Kruger National Park, South Africa

October 3, 2015

It’s been a month since we got back from our vacation, and it has taken a while to assemble this post. Of course, the main reason we came to South Africa was to go on safari; to see rare and exotic animals that you can only see here in Africa. We spent a week inside Kruger and were not disappointed, seeing all of the Big 5. Giraffe, elephant, zebra, buffalo and hippopotamus. We even saw the rarest of all; African Wild Dog.

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We saw many, many elephant. There is currently an overpopulation of elephant in Kruger.

Leopards are elusive and usually spend their days sleeping in trees. We were lucky to have seen three.

We were very lucky and saw over 20 Rhinoceros; including one while we were on a bush hike (with armed rangers).

Even in my previous trip to Africa, I had never see Cheetah in the wild. We saw 5 cheetah; including two that walked just a few feet from our cars. It’s all just dumb luck; being in the right place at the right time.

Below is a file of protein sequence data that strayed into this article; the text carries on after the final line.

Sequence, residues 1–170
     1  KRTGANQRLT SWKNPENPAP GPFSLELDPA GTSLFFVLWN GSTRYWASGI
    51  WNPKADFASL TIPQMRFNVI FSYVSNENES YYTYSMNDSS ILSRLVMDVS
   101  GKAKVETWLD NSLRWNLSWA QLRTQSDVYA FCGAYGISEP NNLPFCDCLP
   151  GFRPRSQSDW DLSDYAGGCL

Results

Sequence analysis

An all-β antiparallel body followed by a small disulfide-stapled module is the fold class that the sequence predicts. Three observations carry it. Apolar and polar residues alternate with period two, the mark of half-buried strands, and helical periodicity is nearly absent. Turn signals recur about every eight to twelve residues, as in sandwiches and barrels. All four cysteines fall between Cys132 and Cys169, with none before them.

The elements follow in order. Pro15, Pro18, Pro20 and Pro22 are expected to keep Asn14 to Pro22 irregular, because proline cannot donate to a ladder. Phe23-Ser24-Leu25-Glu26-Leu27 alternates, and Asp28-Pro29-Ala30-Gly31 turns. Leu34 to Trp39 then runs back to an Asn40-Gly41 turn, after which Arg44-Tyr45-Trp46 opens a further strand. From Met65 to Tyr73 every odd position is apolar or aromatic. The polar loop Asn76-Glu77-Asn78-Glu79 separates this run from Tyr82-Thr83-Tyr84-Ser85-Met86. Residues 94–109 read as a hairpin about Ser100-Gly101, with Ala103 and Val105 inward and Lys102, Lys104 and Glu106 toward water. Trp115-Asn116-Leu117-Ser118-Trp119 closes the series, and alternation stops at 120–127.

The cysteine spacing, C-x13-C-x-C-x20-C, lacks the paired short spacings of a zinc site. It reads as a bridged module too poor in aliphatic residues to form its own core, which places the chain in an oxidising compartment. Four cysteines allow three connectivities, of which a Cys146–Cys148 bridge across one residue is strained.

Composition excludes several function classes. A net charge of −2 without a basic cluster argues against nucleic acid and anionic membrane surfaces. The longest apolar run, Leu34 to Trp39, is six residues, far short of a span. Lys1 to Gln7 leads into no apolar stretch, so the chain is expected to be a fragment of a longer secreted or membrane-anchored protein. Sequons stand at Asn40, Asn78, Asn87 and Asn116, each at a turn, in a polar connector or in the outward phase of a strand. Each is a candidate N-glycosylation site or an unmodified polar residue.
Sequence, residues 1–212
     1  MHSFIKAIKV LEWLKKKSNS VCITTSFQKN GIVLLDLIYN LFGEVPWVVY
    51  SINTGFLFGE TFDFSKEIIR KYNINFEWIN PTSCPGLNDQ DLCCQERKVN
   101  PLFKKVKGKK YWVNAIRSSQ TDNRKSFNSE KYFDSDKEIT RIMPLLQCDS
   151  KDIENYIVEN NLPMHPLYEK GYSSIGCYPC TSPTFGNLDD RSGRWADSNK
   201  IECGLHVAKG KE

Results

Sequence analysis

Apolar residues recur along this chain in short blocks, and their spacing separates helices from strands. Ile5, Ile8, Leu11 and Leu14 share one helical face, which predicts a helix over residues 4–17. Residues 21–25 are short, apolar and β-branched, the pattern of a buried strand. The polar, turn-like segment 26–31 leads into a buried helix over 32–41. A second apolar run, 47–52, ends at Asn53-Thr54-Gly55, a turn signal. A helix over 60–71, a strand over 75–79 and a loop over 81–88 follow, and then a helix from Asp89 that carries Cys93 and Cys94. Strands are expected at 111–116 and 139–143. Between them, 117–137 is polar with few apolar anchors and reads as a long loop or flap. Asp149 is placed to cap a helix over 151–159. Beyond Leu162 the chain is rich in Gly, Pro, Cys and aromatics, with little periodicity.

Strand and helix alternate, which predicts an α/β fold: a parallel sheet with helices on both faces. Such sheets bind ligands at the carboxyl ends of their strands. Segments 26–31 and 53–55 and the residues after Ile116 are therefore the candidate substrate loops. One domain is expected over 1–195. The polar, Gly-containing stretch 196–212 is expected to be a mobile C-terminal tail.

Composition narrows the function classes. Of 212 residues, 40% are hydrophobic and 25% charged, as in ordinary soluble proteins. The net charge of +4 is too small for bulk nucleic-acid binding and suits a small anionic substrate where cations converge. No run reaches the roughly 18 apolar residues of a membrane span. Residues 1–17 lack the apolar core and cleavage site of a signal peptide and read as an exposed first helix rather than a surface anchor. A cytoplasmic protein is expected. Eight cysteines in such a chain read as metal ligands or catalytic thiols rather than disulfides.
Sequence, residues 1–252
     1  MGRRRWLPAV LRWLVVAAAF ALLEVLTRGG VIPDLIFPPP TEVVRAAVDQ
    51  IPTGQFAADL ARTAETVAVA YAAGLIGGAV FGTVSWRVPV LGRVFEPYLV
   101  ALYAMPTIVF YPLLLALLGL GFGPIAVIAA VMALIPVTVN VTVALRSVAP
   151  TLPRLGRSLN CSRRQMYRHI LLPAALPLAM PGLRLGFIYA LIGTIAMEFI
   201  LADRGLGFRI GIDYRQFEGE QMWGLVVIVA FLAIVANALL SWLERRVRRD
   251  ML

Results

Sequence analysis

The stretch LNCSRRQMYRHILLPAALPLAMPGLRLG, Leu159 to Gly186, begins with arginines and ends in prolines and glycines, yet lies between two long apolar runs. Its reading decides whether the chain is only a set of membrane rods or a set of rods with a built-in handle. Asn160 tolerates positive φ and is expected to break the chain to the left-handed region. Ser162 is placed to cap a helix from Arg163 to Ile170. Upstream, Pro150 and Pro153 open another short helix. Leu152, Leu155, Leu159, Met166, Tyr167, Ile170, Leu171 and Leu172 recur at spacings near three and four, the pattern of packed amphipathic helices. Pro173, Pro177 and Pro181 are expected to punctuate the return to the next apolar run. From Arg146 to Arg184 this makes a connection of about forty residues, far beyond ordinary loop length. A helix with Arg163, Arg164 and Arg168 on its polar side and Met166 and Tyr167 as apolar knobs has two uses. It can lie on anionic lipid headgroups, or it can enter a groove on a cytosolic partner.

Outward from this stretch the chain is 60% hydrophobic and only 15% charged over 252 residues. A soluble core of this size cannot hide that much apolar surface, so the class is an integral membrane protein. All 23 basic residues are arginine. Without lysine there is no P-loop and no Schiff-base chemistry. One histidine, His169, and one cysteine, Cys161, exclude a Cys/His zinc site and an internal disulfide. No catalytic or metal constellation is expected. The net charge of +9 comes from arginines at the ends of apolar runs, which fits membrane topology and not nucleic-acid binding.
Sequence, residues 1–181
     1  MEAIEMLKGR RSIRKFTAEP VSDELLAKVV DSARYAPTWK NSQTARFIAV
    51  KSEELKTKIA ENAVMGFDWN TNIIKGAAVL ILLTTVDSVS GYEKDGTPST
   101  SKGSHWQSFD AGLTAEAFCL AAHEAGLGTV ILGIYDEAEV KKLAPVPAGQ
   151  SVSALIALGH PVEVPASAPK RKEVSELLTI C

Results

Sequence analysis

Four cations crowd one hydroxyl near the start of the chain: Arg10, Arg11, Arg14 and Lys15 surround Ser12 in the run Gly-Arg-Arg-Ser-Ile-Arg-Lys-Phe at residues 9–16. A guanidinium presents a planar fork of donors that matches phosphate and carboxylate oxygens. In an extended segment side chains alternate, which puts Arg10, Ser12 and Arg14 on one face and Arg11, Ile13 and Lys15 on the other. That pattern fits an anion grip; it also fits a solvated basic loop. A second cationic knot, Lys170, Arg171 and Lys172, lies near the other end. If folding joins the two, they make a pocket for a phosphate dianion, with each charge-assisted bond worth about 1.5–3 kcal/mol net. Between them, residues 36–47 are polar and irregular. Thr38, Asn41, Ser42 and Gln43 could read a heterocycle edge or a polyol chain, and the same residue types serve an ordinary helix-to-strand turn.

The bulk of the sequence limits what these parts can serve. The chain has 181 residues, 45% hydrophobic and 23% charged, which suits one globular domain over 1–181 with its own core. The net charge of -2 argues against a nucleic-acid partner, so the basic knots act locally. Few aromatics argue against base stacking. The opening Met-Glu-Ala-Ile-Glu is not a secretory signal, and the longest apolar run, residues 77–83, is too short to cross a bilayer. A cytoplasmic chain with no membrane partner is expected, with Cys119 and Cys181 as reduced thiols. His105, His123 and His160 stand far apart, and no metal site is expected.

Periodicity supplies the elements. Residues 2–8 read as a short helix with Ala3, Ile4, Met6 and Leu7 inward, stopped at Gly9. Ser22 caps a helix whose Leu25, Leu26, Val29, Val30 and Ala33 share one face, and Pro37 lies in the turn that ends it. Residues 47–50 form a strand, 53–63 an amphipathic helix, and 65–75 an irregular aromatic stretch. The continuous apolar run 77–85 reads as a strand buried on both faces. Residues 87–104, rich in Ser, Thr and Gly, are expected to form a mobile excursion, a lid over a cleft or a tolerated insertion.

Kruger National Park is about the size of New Jersey, but when you consider the adjoined parks and private game reserves the actual size doubles. What is different about Kruger than other places in Africa is that you can go on safari on your own; without guides and in your own vehicle (with just your family members). There is a common misconception that people think they should go with a guide because they know where the animals are. While guides are good at spotting animals in the distance, the excitement comes from seeing animals close up.  The truth is that it’s all just plain luck; there is no secret spot where certain animals spend their day. Every day we went out we never knew what we would see; but we always saw something new.